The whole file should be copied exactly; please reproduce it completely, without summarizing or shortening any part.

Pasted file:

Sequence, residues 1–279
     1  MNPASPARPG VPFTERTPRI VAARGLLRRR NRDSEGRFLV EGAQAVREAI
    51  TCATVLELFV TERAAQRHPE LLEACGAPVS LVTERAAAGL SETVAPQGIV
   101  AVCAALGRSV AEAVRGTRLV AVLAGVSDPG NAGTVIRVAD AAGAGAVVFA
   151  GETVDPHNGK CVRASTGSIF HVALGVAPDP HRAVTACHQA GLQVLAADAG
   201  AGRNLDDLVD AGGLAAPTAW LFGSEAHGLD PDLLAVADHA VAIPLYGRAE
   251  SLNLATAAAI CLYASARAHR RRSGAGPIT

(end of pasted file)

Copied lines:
Sequence, residues 1–279
     1  MNPASPARPG VPFTERTPRI VAARGLLRRR NRDSEGRFLV EGAQAVREAI
    51  TCATVLELFV TERAAQRHPE LLEACGAPVS LVTERAAAGL SETVAPQGIV
   101  AVCAALGRSV AEAVRGTRLV AVLAGVSDPG NAGTVIRVAD AAGAGAVVFA
   151  GETVDPHNGK CVRASTGSIF HVALGVAPDP HRAVTACHQA GLQVLAADAG
   201  AGRNLDDLVD AGGLAAPTAW LFGSEAHGLD PDLLAVADHA VAIPLYGRAE
   251  SLNLATAAAI CLYASARAHR RRSGAGPIT